Post written for University of Auckland course FTVMS 323: Popular Music on Screen
I don’t like Chappie (2015)- there, I said it. While I’m at it, I may as well get several more things out of the way: I don’t like most of Neill Blomkamp’s work. I walked out of District 9 when it was first released, a film which is widely considered his magnum opus (for the record, I later finished it and admit that I was wrong for giving up so soon).
As far as Chappie is concerned, I found the story bland and generally disturbing, was rather bored with the one-dimensional characters, and couldn’t help but giggle at Hugh Jackman’s ridiculous mullet. However, one element that stood out to me were the songs used in the film. They were unlike anything that I had ever heard before, yet somehow there was something about each song’s sound that seemed rather familiar…
It wasn’t until the credits began to roll (and I was able to finally breathe a sigh of relief that two full hours of disappointment had finally come to an end) that I realized that two of the lead characters in the film, Ninja and Yo-Landi, were played by Ninja and Yo-Landi of Die Antwoord, the South African rap-rave zef group who provided eight of their songs to the Chappie soundtrack.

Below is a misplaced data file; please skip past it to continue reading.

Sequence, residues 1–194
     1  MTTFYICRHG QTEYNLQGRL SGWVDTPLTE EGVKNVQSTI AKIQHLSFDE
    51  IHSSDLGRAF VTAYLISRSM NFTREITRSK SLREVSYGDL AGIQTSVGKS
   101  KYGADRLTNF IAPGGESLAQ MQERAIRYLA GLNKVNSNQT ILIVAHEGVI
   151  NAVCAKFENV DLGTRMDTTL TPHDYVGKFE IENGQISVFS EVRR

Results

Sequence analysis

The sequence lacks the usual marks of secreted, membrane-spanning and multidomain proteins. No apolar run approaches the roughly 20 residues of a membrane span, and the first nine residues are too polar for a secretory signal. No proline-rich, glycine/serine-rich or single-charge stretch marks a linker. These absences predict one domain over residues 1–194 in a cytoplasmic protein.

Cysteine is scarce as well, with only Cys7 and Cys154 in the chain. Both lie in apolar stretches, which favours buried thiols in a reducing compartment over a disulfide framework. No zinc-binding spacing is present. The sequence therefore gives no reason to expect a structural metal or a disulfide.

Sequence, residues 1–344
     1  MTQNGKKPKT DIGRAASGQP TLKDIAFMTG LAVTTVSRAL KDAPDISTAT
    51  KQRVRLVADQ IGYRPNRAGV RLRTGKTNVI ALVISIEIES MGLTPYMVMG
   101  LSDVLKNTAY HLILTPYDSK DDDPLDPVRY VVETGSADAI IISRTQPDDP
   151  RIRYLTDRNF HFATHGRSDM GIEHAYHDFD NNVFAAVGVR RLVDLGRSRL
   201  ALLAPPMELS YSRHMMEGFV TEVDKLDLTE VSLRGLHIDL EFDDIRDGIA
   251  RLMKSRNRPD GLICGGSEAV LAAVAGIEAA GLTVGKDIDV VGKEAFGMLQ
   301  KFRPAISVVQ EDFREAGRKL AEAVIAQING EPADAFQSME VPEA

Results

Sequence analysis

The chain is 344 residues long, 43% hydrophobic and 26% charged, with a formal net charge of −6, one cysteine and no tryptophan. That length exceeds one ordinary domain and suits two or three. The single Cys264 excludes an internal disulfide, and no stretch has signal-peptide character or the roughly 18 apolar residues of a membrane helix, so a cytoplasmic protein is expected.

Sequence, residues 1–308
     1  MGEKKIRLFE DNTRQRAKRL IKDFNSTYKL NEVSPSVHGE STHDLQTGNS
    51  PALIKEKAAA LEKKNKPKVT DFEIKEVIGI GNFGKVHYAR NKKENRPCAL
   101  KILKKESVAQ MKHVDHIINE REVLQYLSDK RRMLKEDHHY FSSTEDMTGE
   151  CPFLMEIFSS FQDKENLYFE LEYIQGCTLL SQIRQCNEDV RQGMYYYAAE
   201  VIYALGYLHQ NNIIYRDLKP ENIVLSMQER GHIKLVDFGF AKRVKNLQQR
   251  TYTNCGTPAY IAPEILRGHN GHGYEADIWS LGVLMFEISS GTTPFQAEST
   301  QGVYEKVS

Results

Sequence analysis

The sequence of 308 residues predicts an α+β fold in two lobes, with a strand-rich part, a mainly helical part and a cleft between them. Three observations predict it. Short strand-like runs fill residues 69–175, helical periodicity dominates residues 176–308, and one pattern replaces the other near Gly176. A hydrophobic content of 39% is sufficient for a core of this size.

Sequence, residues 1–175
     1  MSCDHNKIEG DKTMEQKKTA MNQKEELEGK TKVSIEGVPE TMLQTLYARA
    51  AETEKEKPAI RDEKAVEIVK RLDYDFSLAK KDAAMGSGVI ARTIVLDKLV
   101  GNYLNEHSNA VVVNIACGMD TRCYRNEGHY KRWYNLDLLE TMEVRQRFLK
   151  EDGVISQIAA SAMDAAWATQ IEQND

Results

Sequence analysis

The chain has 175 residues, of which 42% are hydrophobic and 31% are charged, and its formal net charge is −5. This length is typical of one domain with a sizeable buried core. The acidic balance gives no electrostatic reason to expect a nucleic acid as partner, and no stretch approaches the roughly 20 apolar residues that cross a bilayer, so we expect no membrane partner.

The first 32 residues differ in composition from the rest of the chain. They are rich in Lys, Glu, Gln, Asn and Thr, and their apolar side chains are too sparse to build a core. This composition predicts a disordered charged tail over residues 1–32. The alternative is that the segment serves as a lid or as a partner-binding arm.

It was Die Antwoord that quickly became the most memorable thing about the movie for me, and has stayed with me for over a year since the film’s release. Their unique sound and stylistic elements prompted me to do further research on the band, which therein led to me to discover the zef music genre. “Zef” is a counterculture movement that has increased in popularity since the 1990’s in South Africa, wherein Afrikaners (mostly white, lower-class South Africans) exaggerate traits of being cheap, ill-bred, and vulgar (Krueger, 400). In regards of Chappie, the use of the zef music genre reveals much about South African culture and works well with the styles and themes of the film, but the frequency of its use takes focus away from the film’s narraive and places it on the music.
Chappie centers around the world of Johannesburg, South Africa in the not-too-distant future, where artificial intelligence is prominent and crime is filtered by police officer robots. The scientist responsible for these robots makes another significant technological advancement when he manages to import artificial intelligence into the body of a discarded robot. This robot is captured by three gangsters, two of which are exaggerated versions of Ninja and Yo-Landi. They name the robot “Chappie,” and teach him what it is to be human, as well as use him for their own criminal activities.